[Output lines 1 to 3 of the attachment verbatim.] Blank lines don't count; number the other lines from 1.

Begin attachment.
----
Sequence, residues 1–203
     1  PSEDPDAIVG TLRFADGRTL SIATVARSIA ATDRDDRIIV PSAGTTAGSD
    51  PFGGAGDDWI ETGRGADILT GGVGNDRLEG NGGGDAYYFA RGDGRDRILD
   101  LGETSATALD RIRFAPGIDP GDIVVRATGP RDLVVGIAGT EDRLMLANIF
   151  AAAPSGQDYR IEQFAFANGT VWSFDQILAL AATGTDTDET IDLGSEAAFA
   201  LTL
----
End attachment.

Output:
Sequence, residues 1–203
     1  PSEDPDAIVG TLRFADGRTL SIATVARSIA ATDRDDRIIV PSAGTTAGSD
    51  PFGGAGDDWI ETGRGADILT GGVGNDRLEG NGGGDAYYFA RGDGRDRILD